The excavation of the Jacksonville “Blue China” wreck produced a number of aquamarine glass bottles in two different sizes (4 larger examples and 5 smaller) that represent the dominant bottle type used for various spices and condiments during the mid to latter half of the 19th century.
This unusual eight-sided bottle appears to have originated in the 1850s, or possibly the late 1840s. The original shape and design which others copied, is believed to have been produced by the Boston, Massachusetts druggist J.W. Hunnewell Co. The larger examples feature wide, concave front and back panels with flat narrow side panels bound together by relatively wide, concavely beveled corners. Its moderately wide mouth or bore allowed for easier access to the bottle for packing in crates and for extractive use by the consumer.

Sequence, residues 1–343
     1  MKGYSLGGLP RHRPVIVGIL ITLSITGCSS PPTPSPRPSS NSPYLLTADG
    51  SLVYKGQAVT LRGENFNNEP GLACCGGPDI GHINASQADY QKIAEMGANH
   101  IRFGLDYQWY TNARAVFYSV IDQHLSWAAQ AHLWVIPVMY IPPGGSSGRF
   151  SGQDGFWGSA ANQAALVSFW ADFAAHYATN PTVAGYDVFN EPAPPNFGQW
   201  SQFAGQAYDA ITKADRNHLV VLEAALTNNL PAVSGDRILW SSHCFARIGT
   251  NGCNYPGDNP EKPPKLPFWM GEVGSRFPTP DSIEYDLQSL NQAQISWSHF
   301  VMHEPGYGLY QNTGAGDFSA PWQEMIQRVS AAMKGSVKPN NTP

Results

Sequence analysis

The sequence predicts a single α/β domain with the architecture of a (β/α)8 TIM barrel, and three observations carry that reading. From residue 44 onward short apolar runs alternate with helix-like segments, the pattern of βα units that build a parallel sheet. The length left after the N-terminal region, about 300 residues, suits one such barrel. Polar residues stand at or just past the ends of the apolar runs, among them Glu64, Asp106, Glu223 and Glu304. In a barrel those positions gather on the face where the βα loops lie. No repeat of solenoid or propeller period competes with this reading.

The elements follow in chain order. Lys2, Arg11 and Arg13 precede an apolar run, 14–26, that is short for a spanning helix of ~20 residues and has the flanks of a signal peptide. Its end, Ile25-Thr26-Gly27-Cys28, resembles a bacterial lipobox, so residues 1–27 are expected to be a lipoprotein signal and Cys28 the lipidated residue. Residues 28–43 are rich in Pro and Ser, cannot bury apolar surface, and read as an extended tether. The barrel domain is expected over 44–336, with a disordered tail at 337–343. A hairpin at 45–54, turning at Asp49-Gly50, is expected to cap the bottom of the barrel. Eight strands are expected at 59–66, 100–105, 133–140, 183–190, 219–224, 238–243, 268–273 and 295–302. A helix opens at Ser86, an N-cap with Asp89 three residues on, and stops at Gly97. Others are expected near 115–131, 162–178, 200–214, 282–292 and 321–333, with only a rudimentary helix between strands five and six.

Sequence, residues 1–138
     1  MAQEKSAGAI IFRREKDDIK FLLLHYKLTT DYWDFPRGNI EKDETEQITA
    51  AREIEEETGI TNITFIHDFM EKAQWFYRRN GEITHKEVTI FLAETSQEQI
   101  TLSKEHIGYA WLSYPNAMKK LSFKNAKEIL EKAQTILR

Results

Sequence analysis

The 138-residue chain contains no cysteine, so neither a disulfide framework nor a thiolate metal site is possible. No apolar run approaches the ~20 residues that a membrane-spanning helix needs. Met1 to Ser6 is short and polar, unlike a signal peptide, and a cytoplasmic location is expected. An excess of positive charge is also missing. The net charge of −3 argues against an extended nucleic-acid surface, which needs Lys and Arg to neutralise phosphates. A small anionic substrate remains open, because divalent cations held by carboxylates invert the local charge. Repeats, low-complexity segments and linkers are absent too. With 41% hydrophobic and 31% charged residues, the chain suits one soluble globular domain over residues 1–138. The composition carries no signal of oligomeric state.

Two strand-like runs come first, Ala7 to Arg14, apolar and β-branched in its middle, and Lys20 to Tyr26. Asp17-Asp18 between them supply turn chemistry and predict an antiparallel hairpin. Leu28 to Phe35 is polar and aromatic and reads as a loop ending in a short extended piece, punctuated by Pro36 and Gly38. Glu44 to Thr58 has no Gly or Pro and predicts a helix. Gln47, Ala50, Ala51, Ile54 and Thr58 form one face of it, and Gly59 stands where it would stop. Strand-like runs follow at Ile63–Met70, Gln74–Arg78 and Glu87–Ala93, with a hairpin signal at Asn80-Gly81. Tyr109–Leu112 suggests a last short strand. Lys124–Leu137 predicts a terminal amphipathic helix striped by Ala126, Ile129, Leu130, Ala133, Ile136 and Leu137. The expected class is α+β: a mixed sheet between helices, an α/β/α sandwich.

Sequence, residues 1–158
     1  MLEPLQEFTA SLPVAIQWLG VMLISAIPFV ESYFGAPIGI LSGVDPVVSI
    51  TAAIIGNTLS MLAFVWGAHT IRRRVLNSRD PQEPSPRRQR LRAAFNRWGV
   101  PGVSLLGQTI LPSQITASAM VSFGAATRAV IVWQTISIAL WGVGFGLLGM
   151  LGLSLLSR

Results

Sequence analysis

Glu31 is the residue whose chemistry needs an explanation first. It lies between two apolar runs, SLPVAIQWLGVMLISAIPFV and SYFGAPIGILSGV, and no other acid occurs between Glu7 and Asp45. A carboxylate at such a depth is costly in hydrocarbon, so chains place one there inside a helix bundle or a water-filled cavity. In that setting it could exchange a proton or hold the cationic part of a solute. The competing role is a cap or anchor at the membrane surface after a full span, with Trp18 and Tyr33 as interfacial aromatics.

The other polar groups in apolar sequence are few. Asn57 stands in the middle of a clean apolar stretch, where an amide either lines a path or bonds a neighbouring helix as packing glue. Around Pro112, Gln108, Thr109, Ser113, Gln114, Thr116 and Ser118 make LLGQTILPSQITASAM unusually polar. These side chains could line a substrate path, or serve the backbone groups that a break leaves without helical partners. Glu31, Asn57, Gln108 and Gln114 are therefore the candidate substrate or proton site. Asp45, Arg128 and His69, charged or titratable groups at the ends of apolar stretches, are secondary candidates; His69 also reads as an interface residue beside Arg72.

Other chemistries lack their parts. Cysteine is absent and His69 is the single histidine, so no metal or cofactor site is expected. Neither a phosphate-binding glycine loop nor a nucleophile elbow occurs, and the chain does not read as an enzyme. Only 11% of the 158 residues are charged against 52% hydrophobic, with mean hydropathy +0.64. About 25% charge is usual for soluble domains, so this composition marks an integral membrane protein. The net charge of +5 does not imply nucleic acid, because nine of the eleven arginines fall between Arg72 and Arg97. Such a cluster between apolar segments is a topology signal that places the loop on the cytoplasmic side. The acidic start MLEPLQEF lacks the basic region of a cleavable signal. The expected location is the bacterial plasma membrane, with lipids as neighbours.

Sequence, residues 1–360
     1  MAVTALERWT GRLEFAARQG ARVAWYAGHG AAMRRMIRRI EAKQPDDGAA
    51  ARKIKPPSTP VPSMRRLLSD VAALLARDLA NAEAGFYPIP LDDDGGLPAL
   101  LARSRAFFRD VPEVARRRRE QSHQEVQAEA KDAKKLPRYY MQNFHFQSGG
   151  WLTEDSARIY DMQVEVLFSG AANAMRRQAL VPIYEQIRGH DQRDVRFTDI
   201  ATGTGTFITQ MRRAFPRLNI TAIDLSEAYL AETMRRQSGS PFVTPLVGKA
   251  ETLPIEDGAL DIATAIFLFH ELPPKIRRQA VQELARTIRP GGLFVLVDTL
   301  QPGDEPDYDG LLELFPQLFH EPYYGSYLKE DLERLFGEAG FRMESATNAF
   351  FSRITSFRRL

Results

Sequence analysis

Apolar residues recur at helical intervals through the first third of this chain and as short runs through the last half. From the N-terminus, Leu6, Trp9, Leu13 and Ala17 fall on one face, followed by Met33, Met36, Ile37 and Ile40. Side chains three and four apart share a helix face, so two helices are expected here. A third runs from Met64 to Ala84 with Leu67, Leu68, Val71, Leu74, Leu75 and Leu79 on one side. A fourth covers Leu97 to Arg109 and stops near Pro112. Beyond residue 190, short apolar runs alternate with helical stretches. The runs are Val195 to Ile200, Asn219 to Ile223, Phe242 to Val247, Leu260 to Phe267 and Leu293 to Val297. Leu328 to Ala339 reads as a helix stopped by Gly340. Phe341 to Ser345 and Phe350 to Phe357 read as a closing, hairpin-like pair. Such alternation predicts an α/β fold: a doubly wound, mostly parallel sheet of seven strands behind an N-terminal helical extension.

All of the bottles are missing their original paper labels, making identification of the former contents particularly difficult—especially so given the diversity of spices and condiments packaged in this particular style. However, well preserved examples of this distinctive bottle type with ground black pepper still intact, have been recovered from other contemporary archaeological sites including the April 1865 wreck of the steamboat Bertrand as well the October 1865 wreck of the SS Republic. This evidence suggests that the “Blue China” examples may also have once contained this popular spice, although other spices such as cinnamon, white pepper and mace were common as well.